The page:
Fall in road fatalities in the U.S. lower than in other countries

While the roads in Connecticut and other U.S. states may not be as dangerous as they were a decade ago, improvements in road safety have been far more pronounced in other developed nations according to a July 6 report from the Centers for Disease Control. American road fatalities have fallen by 31 percent in the last 13 years, but death rates plummeted by an average of 56 percent in 19 other developed countries during those same years. Road fatalities in Spain plummeted by more than 75 percent.

The CDC researchers relied on accident data from the Organisation for Economic Co-operation and Development and the World Health Organization compiled between 2000 and 2013. Fatal accidents involving motorists, cyclists and pedestrians were studied. According to the CDC, about 18,000 American lives could have been saved if fatalities in the United States had fallen by as much as they did in countries like Japan, Sweden and the United Kingdom.

Of the countries studied, only drivers in Austria and Belgium were less likely to fasten their seat belts than their American counterparts, and only Canada had a higher percentage of alcohol-related fatal accidents. The CDC researchers concluded that reducing permitted BAC levels and strictly enforcing drunk driving laws could have a significant impact on road fatality rates. The report also pointed out that about 3,000 lives could be saved each year if American drivers and their passengers buckled up.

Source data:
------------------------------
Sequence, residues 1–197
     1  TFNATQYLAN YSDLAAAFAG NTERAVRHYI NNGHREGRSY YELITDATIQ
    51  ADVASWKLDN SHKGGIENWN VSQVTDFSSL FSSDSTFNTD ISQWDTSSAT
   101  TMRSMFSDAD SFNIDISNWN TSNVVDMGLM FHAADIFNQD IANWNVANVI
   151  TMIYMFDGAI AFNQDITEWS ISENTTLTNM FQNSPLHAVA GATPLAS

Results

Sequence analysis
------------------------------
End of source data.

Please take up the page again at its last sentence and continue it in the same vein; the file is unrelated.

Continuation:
Those who lose their lives in automobile accidents often leave their dependent family members with medical bills and an uncertain future. Making ends meet for grieving families can be extremely difficult when a breadwinner’s income is lost, and expenses like funeral costs may add to their financial stress. When individuals lose their lives due to the reckless actions of others, personal injury attorneys may initiate wrongful death lawsuits seeking compensation for the expenses and lost income of their dependent family members.